Data archiving is the practice of creating a secure archive of data that’s no longer in use by transferring it to and retaining it on a storage device long-term.
Companies use this information management process of storing data until the end of a set retention period for several reasons, including legal compliance (since archived data is trackable), protection against data loss, and storage reduction.
The information may or may not be used in the future but is kept until the end of its set retention period then deleted.
Coming up with a system that secures their documents may not be the first item on a new company’s agenda after buying a domain name.
But today, data archiving is an essential part of an organization’s record management.
The Digitization of Everything
Organizations originally started keeping archives to meet compliance obligations and defend against litigation or failing audits.
In recent years, however, organizations have seen record management in a more proactive light.
Today, businesses increasingly work with big data.
What’s more, the rapid evolution of workplace communications means that most interactions between coworkers and clients now take place across multiple virtual digital channels.
Granted, modern workers need the flexibility of these tools for collaboration and communication to do their work effectively.
One of the simple keys to good digital employee engagement and upgrading their experience is allowing workers flexibility while still having access to the information they need.
Data archiving enables an organization’s data to be easily accessed and safely stored and accommodates these types of communication.
These corporate records document and provide proof - explanation and evidence - of past and current activities.
Why Is Archiving Data Important?
Without a strategic data archiving policy, organizations can be vulnerable to potential risks.
Data can be compromised or lost as a result of employee error or even a natural disaster.
Let's dig into why archiving data is an essential practice for businesses.
Complying with industry standards for data storage or processing is critical for most organizations to avoid legal penalties.
In such strictly regulated industries, laws stipulate regulations that govern how data is stored and for specific retention periods.
The first electronic communications data that retention laws regulated was email, under the Sarbanes-Oxley Act in 2002, which mandated electronic communications be kept along with paper records by organizations for five years.
Today, a good data archiving plan must incorporate a variety of communication records in addition to email.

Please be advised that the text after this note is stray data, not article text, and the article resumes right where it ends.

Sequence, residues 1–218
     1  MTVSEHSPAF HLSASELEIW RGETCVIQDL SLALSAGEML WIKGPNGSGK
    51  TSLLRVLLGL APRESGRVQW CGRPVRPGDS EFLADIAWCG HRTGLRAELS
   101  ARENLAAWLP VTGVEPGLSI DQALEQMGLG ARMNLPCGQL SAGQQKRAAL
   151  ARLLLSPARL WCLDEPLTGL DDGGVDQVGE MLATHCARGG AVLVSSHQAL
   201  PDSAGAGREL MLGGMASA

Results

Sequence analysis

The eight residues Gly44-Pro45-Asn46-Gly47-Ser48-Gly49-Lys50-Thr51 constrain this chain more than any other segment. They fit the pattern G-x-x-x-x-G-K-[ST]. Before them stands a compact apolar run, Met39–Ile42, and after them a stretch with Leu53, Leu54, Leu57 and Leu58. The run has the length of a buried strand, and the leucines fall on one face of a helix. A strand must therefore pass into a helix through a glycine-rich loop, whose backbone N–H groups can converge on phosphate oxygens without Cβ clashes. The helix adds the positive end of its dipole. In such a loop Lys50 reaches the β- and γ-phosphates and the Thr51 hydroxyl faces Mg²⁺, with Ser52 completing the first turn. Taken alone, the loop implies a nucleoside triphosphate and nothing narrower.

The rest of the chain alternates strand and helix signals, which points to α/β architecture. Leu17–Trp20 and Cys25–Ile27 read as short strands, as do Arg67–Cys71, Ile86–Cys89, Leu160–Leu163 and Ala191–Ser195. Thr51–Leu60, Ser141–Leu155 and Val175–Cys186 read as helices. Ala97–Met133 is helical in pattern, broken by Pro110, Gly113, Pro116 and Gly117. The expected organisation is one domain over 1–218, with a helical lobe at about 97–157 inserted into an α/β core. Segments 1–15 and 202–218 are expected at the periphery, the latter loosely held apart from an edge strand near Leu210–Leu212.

That involves data from social media channels, internal and external video streaming platforms, instant messaging platforms and text messages, mobile calls - real-time speech analytics support storing and archiving the audio - and websites.
The rise of video content management systems like VIDIZMO EnterpriseTube allows companies to host, manage, and share video securely with internal or external corporate audiences will only add to the onslaught of data.
Ensuring that information from these channels is retained for the correct length of time is crucial in following laws and industry rules.
For organizations in such regulated industries, compliance is the principal reason for archiving data.
Under the General Data Protection Regulation (GDPR), data protection authorities in the EU can impose fines as high as four percent of a company’s annual revenue on companies that find themselves in murky legal waters.
So, organizations must prevent the intentional or accidental destruction of records that they are legally required to keep.
While industries, such as financial services and healthcare, are more highly regulated, all organizations must adhere to record-keeping standards.
That means comprehensive data archiving moving forward.
Besides compliance reasons, data archiving protects against loss of data.
Storing data in a separate centrally managed storage medium reduces organizations’ risk of losing that data for good and facing loss of critical information and legal repercussions.
Source: Tech Pro Research Report
And surging capacity means that one of the main pain points for storage is its cost.
Backup and archived data are crucial to head off the worst consequences if disaster strikes.
While backup and archiving frequently get used interchangeably, they have precise meanings.
Backup is the process of recovering a copy of your existing active data after a data loss or corruption.
In contrast, an archive is where you store historical data that is no longer being actively used and ensure its readily accessible.
A primary data failure could result from several risk factors, including hardware or software failure or corruption, or human influences like the accidental deletion of data, to say nothing of cyberattacks and breaches that are becoming increasingly common.
Organizations can find themselves up against it when attempting to restore this data. Recovering data takes precious time and is rarely successful, if possible at all.
Data archiving solutions allow organizations to ensure that their record management system is audit-proof.
Communications data records need to be accessed to be used as evidence in a range of workplace legal matters if an organization gets sued due to employee disputes or discrimination cases.
VIDIZMO’s Digital Evidence Management System, for example, helps insurers manage their digital evidence files and speeds up insurance claim processing.